Welcome back (those who came back) for the promised look at Einstein’s general theory of relativity. I hope you remembered the billiard balls and rubber sheet…
Einstein’s special theory of relativity, which we looked at last week, states that nothing can travel faster than light. Isaac Newton’s laws of gravity, however, assumed that somehow gravitational forces act instantaneously all through space–faster than light, in other words. That conflict (plus the fact that Newton’s laws, while generally accurate, fail to account for certain movements of the planets in their orbits, among other things) led Einstein to take another look at gravity.
We’re familiar with three dimensions, height, width, and depth, but in 1907 a Russian mathematician, Hermann Minkowski, went a step farther, combining time with the three spatial dimensions and proposing that everything in the universe occurs in this four-dimensional “space-time.”
Einstein adopted that idea, then applied it to the problem of gravity that concerned him. He had the notion that this four-dimensional “space-time continuum” is curved by the presence of massive objects. He also said that all particles–and therefore all matter–travels from point to point along the shortest possible route–which, when space-time is curved, is not a straight line. The shortest route through curved space-time is also curved, which makes the particles move as if they were attracted by whatever is causing the curving.
Here’s where the rubber sheet and the billiard ball come in. Imagine a rubber sheet stretched taut. If you roll a necklace bead across the sheet, it will roll in a straight line.
Now put a billiard ball in the middle of the sheet, where it makes an indentation. If you roll the bead across the sheet again, its path will be curved by the indentation of the billiard ball. In fact, if the indentation is deep enough, and you roll the bead fast enough, the bead will circle the billiard ball until it runs out of energy and falls into the indentation.
If you think of the rubber sheet as the space-time continuum (i.e., everything), the billiard ball as the sun and the bead as the Earth, you see how Einstein’s general theory of relativity accounts for orbiting bodies.
That’s pretty easy to understand. It only gets hard to grasp when you try to get your mind around the idea of curved space-time. And there are a few other strangenesses…
For example, according to the general theory of relativity, even light is affected by gravity. Now, since in our experience light always travels in a straight line, that’s hard to fathom. Light has no weight–how can it be affected by gravity?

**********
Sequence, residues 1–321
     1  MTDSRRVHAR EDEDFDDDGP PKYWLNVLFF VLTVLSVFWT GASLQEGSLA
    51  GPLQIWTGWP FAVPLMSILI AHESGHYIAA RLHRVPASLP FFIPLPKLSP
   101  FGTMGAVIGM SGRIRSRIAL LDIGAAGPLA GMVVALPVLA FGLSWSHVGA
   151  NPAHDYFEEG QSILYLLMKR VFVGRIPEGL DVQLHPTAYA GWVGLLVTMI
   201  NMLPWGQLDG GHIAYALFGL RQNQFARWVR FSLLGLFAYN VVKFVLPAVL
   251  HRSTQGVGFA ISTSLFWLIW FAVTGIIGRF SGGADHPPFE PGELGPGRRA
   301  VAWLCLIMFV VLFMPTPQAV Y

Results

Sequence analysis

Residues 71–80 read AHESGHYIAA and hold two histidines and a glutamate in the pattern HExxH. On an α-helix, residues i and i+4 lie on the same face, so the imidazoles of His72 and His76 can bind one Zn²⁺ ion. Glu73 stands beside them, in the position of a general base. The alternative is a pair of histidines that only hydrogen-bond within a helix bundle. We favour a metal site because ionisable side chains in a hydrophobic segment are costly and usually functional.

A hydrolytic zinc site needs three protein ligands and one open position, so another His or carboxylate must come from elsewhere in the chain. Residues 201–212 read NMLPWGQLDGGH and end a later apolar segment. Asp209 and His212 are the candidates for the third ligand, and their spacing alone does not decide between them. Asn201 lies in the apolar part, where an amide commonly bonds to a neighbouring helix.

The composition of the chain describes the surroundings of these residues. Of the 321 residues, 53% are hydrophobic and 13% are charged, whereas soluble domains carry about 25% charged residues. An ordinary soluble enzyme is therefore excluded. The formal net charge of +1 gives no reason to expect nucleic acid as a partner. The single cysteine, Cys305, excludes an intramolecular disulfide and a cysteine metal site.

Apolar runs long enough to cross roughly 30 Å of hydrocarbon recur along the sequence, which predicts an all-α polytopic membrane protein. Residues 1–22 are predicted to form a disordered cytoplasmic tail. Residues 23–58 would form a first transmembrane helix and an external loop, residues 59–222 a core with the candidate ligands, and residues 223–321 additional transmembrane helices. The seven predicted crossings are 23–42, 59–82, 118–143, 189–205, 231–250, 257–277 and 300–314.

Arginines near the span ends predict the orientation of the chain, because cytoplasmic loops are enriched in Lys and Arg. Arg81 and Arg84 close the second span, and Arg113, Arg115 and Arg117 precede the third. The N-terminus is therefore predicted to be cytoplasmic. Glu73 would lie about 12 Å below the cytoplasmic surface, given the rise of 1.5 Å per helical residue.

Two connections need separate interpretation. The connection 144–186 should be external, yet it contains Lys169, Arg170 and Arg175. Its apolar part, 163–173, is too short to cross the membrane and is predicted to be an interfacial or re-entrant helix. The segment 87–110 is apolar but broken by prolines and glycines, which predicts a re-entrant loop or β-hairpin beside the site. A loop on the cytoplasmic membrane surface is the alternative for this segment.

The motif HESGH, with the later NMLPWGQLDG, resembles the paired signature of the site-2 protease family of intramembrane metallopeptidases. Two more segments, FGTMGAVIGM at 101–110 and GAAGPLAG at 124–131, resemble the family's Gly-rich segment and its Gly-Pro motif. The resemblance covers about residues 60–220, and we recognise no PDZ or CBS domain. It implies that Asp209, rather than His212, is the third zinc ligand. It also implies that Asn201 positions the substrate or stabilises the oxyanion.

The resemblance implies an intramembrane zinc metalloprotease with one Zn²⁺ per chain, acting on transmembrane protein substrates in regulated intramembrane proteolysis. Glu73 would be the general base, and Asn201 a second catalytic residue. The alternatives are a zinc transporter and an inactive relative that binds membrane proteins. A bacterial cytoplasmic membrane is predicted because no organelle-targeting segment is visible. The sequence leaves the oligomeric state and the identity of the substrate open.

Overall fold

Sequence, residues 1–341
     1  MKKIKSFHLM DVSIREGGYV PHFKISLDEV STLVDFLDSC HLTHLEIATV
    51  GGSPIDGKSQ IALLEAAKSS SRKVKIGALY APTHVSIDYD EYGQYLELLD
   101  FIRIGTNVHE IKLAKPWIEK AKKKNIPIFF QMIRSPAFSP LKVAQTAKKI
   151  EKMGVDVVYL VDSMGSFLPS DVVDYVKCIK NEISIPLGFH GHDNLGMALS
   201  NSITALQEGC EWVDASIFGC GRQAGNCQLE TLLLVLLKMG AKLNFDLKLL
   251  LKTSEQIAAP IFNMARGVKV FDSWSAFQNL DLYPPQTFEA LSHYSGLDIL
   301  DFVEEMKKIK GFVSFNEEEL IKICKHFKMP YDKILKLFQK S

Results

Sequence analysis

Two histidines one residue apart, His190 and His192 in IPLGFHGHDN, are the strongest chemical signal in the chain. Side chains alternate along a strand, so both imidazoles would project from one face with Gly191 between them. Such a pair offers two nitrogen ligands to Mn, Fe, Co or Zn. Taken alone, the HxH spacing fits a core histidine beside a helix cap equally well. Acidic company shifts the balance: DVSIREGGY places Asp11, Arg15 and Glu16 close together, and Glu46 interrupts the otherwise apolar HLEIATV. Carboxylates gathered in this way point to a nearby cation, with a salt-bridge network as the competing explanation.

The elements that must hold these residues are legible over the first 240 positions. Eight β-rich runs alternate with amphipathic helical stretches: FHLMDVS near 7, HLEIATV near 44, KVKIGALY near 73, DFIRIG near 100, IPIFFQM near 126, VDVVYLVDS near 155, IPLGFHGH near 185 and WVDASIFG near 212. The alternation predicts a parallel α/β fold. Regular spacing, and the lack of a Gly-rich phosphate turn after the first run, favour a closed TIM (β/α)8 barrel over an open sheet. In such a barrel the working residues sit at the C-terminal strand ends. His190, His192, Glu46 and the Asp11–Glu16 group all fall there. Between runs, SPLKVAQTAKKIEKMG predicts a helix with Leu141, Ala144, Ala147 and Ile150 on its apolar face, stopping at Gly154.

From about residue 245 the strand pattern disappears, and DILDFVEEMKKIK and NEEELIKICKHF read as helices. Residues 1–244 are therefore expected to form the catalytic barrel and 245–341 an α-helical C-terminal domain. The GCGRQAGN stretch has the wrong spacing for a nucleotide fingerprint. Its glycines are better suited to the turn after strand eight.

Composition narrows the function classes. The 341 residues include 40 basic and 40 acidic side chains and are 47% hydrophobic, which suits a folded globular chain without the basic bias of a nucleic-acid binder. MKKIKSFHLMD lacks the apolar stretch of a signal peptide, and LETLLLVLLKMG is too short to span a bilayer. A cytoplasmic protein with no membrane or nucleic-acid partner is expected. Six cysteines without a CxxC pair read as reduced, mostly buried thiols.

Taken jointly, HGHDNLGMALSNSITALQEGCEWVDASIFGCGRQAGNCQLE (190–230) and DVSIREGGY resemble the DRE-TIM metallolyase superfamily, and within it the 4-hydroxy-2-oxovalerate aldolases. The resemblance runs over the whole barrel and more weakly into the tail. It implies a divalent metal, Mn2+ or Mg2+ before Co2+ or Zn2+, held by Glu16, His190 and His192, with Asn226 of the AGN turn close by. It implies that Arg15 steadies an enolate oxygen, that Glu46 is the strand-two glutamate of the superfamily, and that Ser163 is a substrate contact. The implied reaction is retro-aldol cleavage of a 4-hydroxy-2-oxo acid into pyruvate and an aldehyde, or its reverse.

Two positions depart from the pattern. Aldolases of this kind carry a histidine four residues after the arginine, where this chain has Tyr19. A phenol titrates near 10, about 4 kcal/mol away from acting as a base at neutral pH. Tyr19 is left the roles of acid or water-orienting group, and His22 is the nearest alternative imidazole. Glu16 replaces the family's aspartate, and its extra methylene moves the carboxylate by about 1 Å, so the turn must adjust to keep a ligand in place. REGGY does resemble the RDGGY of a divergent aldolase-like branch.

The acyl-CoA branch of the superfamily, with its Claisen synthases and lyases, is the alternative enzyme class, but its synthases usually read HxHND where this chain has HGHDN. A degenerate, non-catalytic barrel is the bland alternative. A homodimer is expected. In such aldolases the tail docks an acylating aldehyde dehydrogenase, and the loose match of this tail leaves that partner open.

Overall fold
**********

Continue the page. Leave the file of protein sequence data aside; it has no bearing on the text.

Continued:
But in Einstein’s theory, remember, gravity is a curvature of space-time. Light passing through a strong gravitational field–a deep indentation in the rubber sheet–has to curve. And, in fact, it does. In 1919 British astronomer Arthur Eddington observed that the light from a star, passing by the sun during a total eclipse, was deflected by the sun’s gravitational force–just as Einstein had theorized.
If the gravitational force of an object is strong enough, even light falls into it, and you get a “black hole.” Since an object would have to travel faster than the speed of light to escape such a hole, and nothing can travel faster than light, nothing can ever escape from a black hole and we can never know anything about what’s happening inside a black hole. (Some people have minds very similar to that . . . )
Einstein’s theory also says that an inertial frame of reference in gravity can’t be distinguished from an accelerating frame. In other words, if you were shut in a locked, windowless cabin on a spaceship, you couldn’t tell if you were still on Earth or accelerating through space, because the force of acceleration is indistinguishable from gravity. So, vice versa, being inside a strong gravitational field is the equivalent of accelerating through space–and remember from last week, if you’re travelling faster than someone else, to that other person your clocks (and you yourself) will appear to be running slow.
Atomic clocks at high altitudes gain time over ground-based clocks because at high altitudes the pull of Earth’s gravity is slightly lessened. Since acceleration and gravity are equivalent, the clocks on the ground are accelerating relative to the airborne clocks, and therefore run slower.
Einstein’s theories are at the centre of much of modern physics, but as you can see, they can be a bit confusing. They’d probably be clearer if we all understood the mathematics involved, but most of us don’t. Instead we have to settle for words–and if a picture is worth a thousand words, an elegant equation is worth millions.
Einstein’s actual equation for general relativity, according to the encyclopaedia, “describes the curvature of space at and the energy or mass of any point in the space-time continuum” in terms of 10 functions, called “metric tensors,” that characterize the geometrical properties of space, and a second set of 10 functions (energy-stress tensors) that specify its material contents.
Not bad for a man who showed no promise in grammar school, skipped most of his classes in university (he borrowed a friend’s notes a lot), and started his career as a clerk in a Swiss patent office.
Let Einstein and his theory of relativity be an example to you: the next time you’re bored with your job, while away the hours by creating a new theory that will revolutionize physics and change the course of civilization.
It beats doodling.